Thanks to its strong educational tradition and its willingness to lead where others have yet to go, Edendale Hospital has grown into one of the most respected medical facilities in the South African province of KwaZulu-Natal.
Edendale Hospital is a regional- and district-level facility in Pietermaritzburg, South Africa, known in medical circles for its post-graduate teaching opportunities across all major medical disciplines.
The facility was established in the 1950s and is closely linked to nearby Grey’s Hospital and Northdale Hospital.
Today, this 900-bed hospital is guided by a vision to be as efficient and as dedicated to its health service as possible.
Its mission is to deliver a sustainable, co-ordinated, integrated and comprehensive health service through its caring, compassionate and motivated workforce.
The hospital’s management works with members of the local community to design its services and ensure its staff have access to quality training programmes.
Since 1994, the hospital has been administered by KwaZulu-Natal’s Department of Health and is used as a training centre for the College of Nursing, receiving a number of applicants from across the country.
The hospital’s core values are based on the southern African philosophy of Ubuntu, as well as a commitment to openness and transparency in the way that the facility is operated.
A story of strength
In 1855, a Methodist missionary known as Reverend James Allison acquired an area of land on a farm called Welverdient, which was previously owned by Andries Pretorius, where he established his second mission called Edendale.
In 1945, the site was chosen to house a new hospital. After administrator Dr D.S. Shepstone laid the foundation stone in July 1951, it took just three years to build the seven-story structure, with Edendale’s first patients admitted in March 1954.
Originally the facility was built to accommodate 620 patients, but due to rapid population growth, many more building have been erected on the Edendale site.
Today, Edendale is home to professionals from across the medical sphere, with paramedical staff joined at the hospital by physiotherapists, radiographers, medical social workers and dispensary staffs.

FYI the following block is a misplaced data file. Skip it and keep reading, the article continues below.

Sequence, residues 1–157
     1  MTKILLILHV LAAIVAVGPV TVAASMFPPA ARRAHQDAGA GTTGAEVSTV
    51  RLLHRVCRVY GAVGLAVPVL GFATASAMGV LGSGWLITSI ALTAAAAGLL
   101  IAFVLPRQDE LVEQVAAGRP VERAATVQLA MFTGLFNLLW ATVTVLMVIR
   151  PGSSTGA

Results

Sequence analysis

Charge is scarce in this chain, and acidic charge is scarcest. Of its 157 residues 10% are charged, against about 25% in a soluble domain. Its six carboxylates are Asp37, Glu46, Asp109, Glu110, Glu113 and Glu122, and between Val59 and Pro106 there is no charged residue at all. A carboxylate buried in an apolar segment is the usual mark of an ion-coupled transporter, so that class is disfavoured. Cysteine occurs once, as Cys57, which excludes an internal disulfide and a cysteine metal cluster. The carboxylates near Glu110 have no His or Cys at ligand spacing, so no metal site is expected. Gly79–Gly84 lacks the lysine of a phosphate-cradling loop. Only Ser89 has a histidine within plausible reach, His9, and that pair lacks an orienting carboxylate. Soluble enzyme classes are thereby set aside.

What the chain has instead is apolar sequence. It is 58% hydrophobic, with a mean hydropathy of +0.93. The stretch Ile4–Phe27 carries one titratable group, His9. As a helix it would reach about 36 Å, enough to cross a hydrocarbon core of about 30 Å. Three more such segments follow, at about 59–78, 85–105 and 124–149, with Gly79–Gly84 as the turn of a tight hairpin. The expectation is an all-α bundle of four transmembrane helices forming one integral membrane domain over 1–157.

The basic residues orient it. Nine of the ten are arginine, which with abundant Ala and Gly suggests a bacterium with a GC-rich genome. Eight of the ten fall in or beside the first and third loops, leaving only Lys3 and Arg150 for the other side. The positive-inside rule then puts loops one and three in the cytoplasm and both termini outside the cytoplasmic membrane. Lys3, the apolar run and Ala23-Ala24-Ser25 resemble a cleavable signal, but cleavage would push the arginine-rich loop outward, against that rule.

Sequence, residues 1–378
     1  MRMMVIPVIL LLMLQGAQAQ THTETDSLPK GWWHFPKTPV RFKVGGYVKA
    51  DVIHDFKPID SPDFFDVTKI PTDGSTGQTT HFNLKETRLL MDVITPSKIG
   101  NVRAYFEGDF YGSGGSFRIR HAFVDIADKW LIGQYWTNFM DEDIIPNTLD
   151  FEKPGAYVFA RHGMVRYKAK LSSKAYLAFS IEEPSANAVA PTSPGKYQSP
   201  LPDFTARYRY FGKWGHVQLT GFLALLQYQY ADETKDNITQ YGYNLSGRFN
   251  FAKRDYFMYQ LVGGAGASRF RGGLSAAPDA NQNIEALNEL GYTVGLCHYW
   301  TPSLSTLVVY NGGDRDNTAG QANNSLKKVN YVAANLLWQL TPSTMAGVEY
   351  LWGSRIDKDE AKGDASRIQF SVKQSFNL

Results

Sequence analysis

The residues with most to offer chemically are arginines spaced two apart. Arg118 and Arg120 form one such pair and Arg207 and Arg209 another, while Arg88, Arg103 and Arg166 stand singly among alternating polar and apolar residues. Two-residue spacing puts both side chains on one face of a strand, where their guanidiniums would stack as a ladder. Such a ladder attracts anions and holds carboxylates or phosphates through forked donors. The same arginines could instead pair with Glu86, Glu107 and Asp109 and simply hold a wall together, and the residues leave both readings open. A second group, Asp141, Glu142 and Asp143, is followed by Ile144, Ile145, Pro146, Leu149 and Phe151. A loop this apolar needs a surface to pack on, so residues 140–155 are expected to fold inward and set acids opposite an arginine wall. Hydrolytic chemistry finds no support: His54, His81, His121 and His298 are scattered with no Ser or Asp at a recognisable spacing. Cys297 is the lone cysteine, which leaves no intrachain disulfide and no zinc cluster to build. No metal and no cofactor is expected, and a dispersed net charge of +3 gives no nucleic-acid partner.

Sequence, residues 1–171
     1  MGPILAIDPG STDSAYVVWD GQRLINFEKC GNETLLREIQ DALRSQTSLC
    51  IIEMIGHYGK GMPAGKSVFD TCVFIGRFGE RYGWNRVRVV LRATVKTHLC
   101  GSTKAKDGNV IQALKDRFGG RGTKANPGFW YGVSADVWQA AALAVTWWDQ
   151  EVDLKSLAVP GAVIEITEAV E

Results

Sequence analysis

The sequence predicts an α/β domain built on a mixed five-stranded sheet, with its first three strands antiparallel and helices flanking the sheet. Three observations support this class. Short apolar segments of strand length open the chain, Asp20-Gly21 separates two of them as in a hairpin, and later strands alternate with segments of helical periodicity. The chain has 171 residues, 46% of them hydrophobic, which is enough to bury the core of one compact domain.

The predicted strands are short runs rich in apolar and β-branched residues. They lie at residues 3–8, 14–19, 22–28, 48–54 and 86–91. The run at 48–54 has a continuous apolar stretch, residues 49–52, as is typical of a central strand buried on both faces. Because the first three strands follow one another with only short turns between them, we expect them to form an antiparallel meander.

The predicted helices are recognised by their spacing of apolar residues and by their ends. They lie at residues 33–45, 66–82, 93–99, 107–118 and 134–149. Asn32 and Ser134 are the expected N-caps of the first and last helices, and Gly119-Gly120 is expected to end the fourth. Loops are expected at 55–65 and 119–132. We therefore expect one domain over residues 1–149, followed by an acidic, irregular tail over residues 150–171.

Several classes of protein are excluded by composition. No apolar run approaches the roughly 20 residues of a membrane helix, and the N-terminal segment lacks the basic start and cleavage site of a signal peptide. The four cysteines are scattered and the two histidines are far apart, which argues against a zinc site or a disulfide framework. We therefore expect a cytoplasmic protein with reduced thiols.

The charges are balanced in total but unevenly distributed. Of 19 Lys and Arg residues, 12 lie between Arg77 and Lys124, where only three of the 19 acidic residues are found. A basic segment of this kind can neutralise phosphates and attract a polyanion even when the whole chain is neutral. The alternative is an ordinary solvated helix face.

As well as servicing the health needs of the local population, Edendale also provides its staff with a range of social participation activities, from the hospital’s own drum majorettes troupe and a successful staff soccer team, to basketball matches against staff at other hospitals and local educational facilities.
Doctors who work at the hospital have participated in other sporting activities, including cricket, hockey and golf, and every year a representative from the facility runs in one of two local marathons.
As well as playing an important role in providing the local population with high standards of care and treatment, Edendale Hospital has also been at the forefront of introducing medical solution to South Africa.
Throughout its history, the hospital has also demonstrated that rapid growth need not act as a hindrance to good service.
It was one of the first South African hospitals to open a post-operative recovery ward through which all patients pass after surgery and was the first hospital in the country to provide intensive care units for surgical and medical conditions known as 2R. A medical intensive care unit was added in 1974 and eight years later a paediatric surgical intensive care unit was opened.
Edendale was also unique in South Africa for introducing the provision of a central sterilising department and a separate burns unit.
A new wing was built and opened in 1966, providing an additional eight wards, while in 1968 a new laboratory, stores department and blood bank were built.
In 1969, medical and paediatric out patients departments were added and in 1970 a nearby disability care centre, previously administered by the government, was transferred to the Edendale’s administration.
Edendale Hospital has grown into an essential part of its local community and has provided medical care to thousands of people throughout its history. As it looks towards a healthy future, this facility is likely to continue growing in size and statue, as it gears up to look after future generations.